A variable-speed furnace doesn’t run all the time. Instead, it runs at different speeds based on the temperature in your home as well as the amount of energy it needs to reach that temperature.
When sufficient energy is needed to maintain your desired temperature level, the furnace will shift to a higher speed to manage the higher demand. This allows for more efficient heating in your home while also providing quieter operation.
Guide to Two-Stage Furnaces
Two-Stage Furnaces: What They Are and How They Work
A two-stage furnace is a type of heating system that utilizes two different stages of operation — high and low. In the low stage, the furnace performs at a reduced capacity to help maintain the preferred temperature for your home more efficiently. During the high stage, the furnace will instead function at peak capacity to satisfy demands for greater heat. With a two-stage furnace, you can enjoy improved energy efficiency and stable temperatures everywhere in your home.
While two-stage furnaces are extremely efficient, not all all types are condensing furnaces.
Does a Two-Stage Furnace Run All the Time?
A two-stage furnace won’t run all the time. In the low stage of operation, the furnace performs at diminished capacity in order to retain a desired temperature more efficiently within your home. When additional energy is needed to sustain the set temperature, the unit switches to its high stage and operates at full capacity. For this reason, two-stage furnaces are proven to help reduce energy costs without operating around the clock.
Contrasting Two-Stage and Variable-Speed Furnaces
Two-stage furnaces have two stages of functionality, low and high. During the low stage, the furnace performs at reduced capacity as a way to sustain a desired temperature within your home. When additional warmth or cooling is needed, the furnace will change over to its high stage and operate at full capacity.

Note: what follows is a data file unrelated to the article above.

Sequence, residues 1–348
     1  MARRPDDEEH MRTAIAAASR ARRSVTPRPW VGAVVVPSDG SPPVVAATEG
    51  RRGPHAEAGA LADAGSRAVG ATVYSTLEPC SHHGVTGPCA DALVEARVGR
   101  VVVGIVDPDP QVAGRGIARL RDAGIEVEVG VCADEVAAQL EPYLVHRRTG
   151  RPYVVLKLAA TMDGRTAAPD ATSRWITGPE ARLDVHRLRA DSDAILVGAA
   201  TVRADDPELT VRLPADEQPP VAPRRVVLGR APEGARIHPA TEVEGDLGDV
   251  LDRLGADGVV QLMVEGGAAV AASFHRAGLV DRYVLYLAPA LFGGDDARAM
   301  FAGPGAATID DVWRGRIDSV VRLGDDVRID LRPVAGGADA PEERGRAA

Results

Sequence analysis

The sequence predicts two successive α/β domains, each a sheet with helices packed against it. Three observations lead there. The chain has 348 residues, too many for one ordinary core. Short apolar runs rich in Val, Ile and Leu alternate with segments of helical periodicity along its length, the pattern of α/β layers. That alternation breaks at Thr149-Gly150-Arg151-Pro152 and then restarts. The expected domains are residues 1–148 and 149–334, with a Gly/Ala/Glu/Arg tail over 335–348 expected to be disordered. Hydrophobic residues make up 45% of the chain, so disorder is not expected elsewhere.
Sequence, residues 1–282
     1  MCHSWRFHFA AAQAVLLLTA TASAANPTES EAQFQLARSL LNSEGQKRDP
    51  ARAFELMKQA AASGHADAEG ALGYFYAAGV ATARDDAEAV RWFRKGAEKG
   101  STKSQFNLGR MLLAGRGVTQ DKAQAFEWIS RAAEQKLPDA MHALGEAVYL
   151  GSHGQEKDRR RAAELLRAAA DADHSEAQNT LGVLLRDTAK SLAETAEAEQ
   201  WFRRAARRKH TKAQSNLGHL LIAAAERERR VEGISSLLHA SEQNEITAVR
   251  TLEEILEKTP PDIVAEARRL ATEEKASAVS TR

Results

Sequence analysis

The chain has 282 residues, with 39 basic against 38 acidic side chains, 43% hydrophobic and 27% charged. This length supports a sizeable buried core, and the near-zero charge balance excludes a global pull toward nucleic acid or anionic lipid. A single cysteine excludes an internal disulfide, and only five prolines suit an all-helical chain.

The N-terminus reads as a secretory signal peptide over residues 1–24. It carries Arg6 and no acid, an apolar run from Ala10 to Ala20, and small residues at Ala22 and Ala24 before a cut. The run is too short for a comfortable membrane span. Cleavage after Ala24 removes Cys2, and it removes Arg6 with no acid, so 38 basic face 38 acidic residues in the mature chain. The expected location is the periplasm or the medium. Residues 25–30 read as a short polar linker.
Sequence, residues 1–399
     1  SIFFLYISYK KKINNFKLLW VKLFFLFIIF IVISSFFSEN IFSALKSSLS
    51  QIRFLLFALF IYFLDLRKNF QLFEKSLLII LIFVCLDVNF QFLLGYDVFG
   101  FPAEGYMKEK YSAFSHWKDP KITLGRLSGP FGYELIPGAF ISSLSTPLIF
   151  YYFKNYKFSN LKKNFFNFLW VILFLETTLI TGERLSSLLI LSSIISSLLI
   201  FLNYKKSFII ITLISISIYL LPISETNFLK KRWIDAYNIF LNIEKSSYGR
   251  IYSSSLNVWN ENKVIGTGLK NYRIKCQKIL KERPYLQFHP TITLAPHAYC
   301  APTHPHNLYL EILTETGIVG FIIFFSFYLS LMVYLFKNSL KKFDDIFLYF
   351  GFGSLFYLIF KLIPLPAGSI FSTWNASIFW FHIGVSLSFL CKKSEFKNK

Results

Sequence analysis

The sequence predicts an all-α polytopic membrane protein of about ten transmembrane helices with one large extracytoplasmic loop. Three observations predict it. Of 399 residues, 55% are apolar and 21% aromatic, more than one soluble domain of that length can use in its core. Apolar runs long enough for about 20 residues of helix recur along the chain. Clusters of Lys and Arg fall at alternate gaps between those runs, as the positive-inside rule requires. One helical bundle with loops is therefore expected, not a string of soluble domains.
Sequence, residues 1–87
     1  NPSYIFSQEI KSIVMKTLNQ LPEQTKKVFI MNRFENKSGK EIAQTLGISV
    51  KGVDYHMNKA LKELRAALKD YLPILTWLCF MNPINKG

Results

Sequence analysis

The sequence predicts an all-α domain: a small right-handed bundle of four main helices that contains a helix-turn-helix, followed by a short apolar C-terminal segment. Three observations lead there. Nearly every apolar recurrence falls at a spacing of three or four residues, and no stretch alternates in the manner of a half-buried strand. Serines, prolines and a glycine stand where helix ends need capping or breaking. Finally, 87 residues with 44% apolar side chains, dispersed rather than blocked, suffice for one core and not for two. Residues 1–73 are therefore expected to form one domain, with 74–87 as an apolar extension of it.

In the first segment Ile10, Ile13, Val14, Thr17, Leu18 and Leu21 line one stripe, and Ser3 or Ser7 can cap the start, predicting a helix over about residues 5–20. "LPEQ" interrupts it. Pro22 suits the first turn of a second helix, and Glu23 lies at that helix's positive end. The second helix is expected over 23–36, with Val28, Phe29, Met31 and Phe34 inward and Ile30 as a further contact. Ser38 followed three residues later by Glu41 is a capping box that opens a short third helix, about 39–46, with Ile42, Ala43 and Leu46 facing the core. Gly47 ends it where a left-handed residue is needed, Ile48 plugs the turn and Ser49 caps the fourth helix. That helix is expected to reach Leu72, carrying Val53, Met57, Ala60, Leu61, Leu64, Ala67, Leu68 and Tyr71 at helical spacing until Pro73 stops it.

Variable-speed furnaces, meanwhile, can run at a variety of speeds in order to sustain a comfortable temperature at home. As such, variable-speed furnaces offer greater savings on your utility bills .
Differences Between One- and Two-Stage Furnaces
One-stage furnaces have a single stage of operation and operate either at full power or not at all. In other words, the furnace is always running in order to maintain a desired level of comfort at home.
Two-stage furnaces, on the other hand, have two stages of operation, low and high. During the low stage, the furnace runs at [lower|reduced} capacity in order to maintain the desired temperature more efficiently. When a greater demand for warmth or cooling is necessary, the furnace will switch to its high stage and operate at full capacity.
Arrange Your Furnace Install Appointment with Woody's Sudden Service Today
It takes experience and dedication to stay up to date about furnace technology advancements. That’s why Woody's Sudden Service experts are here to help with a free, no-pressure estimate for furnace installation. We’ll assess your home, your heating requirements and your budget before helping you find the best solution. Contact us at to get started today!